Social Animals Reflect, and Reconstruct Themselves, on ‘Best Years’

Social Animals have lived—and nearly died—on the road.

Videos by American Songwriter

Driving from their hometown of Duluth, MN to Los Angeles for a gig, the band could’t breathe. Thick black smoke permeated their van after loose wires caused the back of the vehicle to go up in flames. Pulling over to the side of the highway, the band doused the fire with bottles of piss and half empty beer cans. Maybe this is a day in the life of Social Animals, but all their tribulations led them to signing to Rise Records (Placebo, Sevendust, Clint Lowery) in 2019 and releasing their first EP, Best Years.

“We always seemed right on the brink of destruction,” singer Dedric Clark tells American Songwriter. “Since then, we’ve learned which fires to extinguish and which ones to let burn.”

In some form or another Social Animals—Clark, guitarist Tony Petersen, bassist Roger Whittet, and drummer Boyd Smith—have been a unit since 2011, albeit under different names and genres. As they worked on finding their sound, and eventually decided to make music their only source of income, things got real. Social Animals were born.

They started booking their own shows, playing anywhere that would take them, says Clark. They also realized that they had to be ready to go to war for their songs. 

“I know now that if I feel a tinge of embarrassment or find myself making excuses for a song while I’m showing someone, then the song isn’t ready,” he says. “I don’t feel that with any song on this album, and with the amazing team we have surrounding us now, we’re more than ready to start fanning the flames.”

First single “Bad Things” follows the theme of distance and separation that flows through most of the three-track album, Clark says, but it’s specifically about a condition the band has adopted throughout their intense highs and lows, laid out in lyrics I got used to the way I’m conditioned / Born with a Midwestern raw superstition / You don’t get used to an empty room / You just get used to hearing voices /Running over all the choices you have made.

“It’s a mode of preservation,” says Clark. “These days, when something exciting happens to the group, we always caution each other not to get excited, because it won’t shake out the way we plan. It never does. These walls we’ve built up to avoid disappointment have found their way into our personal lives as well, and it creates a distance that’s hard to put your finger on.” 

For instance, the band recently landed it’s first overseas tour, which they couldn’t finish. “We were ecstatic,” says Clark. “And as luck would have it, a worldwide pandemic broke out and cut it in half. But much like the final lines of this song portray, there is always hope, and it could always be worse. We have our health and we have homes to come back to, which can’t be said for many of those hit by this virus.”

Social Animals (Photo: Travis Shinn)

There’s a special motion to Social Animals. Built on a melodious and infectious tempo that keeps you in place with Clark’s piercing vocals, they go deeper than their indie pop, new wave cadence as each track takes you on an introspective journey.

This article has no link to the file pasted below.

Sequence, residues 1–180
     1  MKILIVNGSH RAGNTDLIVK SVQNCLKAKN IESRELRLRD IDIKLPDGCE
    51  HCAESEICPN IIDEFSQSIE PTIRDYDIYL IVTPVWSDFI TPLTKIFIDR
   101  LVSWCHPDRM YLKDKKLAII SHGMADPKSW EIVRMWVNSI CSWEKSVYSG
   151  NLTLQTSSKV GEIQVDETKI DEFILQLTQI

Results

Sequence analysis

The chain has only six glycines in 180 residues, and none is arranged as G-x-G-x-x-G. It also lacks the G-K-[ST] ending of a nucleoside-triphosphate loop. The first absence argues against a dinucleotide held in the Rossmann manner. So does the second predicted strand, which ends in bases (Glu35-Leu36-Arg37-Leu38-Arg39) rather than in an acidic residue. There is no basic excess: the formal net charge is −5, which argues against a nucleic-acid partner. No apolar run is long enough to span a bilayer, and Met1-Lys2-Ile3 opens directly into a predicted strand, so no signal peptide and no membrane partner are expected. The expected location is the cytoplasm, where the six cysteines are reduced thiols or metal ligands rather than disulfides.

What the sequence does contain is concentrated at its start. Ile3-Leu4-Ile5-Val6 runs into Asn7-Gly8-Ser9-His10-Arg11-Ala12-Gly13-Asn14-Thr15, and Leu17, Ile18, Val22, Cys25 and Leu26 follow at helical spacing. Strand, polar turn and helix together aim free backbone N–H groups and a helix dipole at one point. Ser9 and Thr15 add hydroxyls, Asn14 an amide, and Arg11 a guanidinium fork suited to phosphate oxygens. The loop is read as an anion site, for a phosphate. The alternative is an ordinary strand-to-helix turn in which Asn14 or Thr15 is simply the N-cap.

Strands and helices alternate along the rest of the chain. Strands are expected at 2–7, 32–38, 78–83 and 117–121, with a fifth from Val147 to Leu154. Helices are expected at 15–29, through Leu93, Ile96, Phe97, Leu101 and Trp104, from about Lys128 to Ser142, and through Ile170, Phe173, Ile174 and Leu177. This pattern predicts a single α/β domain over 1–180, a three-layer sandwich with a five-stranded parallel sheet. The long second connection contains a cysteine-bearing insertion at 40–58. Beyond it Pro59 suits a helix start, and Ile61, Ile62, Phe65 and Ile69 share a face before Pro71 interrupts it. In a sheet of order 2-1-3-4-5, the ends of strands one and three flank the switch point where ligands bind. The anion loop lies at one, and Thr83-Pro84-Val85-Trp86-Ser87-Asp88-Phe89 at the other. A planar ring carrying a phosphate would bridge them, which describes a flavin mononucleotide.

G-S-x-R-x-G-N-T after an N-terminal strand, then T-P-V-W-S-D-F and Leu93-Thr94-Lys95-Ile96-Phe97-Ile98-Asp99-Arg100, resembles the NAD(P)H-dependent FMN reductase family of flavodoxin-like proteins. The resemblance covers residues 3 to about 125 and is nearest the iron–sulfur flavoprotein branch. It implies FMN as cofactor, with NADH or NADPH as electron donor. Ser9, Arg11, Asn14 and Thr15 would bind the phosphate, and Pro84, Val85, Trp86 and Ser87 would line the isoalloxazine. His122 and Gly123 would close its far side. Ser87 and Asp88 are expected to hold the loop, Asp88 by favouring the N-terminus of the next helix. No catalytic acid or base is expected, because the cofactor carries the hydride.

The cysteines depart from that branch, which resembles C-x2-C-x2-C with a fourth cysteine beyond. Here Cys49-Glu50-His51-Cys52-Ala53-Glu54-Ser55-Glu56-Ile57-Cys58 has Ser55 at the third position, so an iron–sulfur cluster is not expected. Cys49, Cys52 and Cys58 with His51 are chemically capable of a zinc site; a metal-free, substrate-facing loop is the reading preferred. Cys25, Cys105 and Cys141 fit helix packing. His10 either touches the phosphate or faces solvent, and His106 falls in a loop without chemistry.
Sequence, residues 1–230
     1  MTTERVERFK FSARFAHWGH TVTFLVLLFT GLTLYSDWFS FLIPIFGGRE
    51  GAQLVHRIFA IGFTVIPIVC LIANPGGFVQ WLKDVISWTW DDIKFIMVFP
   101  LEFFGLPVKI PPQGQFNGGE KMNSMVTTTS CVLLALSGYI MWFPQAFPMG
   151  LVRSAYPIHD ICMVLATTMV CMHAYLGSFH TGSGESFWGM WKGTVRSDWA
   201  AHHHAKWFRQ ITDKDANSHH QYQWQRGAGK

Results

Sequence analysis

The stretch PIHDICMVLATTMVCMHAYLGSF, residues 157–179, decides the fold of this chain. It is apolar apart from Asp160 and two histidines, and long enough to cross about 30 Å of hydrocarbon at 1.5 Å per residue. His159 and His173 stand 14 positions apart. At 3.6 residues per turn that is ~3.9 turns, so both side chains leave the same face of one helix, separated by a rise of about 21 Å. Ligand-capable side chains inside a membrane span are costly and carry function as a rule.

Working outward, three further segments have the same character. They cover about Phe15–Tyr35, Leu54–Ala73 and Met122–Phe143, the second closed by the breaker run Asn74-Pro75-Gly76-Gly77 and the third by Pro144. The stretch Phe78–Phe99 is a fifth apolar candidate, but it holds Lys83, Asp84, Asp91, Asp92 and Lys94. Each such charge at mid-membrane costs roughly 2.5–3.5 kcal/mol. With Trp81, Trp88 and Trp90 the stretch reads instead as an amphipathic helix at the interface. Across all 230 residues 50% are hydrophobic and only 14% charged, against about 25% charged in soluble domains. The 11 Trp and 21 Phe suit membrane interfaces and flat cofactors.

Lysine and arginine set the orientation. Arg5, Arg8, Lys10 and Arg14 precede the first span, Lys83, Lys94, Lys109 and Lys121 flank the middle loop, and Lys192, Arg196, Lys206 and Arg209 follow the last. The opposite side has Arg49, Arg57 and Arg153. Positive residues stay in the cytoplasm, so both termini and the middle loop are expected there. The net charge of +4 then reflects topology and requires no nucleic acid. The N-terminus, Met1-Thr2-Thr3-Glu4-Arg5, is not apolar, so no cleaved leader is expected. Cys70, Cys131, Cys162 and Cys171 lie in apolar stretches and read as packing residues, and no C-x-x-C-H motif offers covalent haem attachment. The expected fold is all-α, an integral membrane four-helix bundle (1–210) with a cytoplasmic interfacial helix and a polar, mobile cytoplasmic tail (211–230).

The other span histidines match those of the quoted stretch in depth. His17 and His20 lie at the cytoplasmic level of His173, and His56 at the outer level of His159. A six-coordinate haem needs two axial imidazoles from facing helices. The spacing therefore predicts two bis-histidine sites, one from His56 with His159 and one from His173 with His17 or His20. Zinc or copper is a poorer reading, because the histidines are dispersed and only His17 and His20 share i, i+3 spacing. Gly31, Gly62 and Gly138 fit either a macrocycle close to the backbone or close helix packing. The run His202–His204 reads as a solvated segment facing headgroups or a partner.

Best Years” touches on the breakdown of relationships after time on the road—When you’re always leaving / Nobody cares if you stay—while the more energetic “Get Over It” is a bit of a case study on how Clark dealt with isolation, separation, and addiction throughout the last decade, he says “cycling between numbness and pounding headaches, trading one addiction for another, and waiting for 9p.m. to roll around so I could feel hungry again.” 

Looking back on it now, says Clark, it was still easier and less painful than dealing with the issues head on. “I was never really getting over anything while living like that,” he says. “It took me forever to realize it was because I didn’t even want to.”

When writing, melody comes first for Clark—everything from voice memos, melodies whispered and whistled, and other mismatched and scattered lyrics.

“I’m fortunate to have the privilege of free time,” says Clark. “My philosophy has been to wait until the song starts showing itself, then go into lockdown without interruptions. If I reverse that process by going into lockdown first and trying to force a song out, it never makes it past the cutting room floor.” 

He adds, “The keepers tend to have their skeletons clatter out all at once, and then I slowly Frankenstein my favorite body parts from the pile to create something that can hopefully have a life of its own.”

Even though most of the band has moved out of Duluth, it’s still the most important place for them. It’s a community that has been with them since the beginning.

“I like to think growing up as a band there made me adopt a writing style that places an emphasis on efficiency,” says Clark. “Let’s get from the apartment door and across the parking lot to the car as quickly as possible, or we’re going to freeze to death. Let’s get the point and passion of this song across as simply and clearly as possible, or we’ll lose them. We want you to feel something, and we want you to feel it fast.”

Next up for the band is a new album. “We want to ride this out as far as it will take us,” says Clark. “It’s too late to do anything else anyway. I’d never put a ceiling on this band, and I don’t think it’s wise for anyone else to either.”

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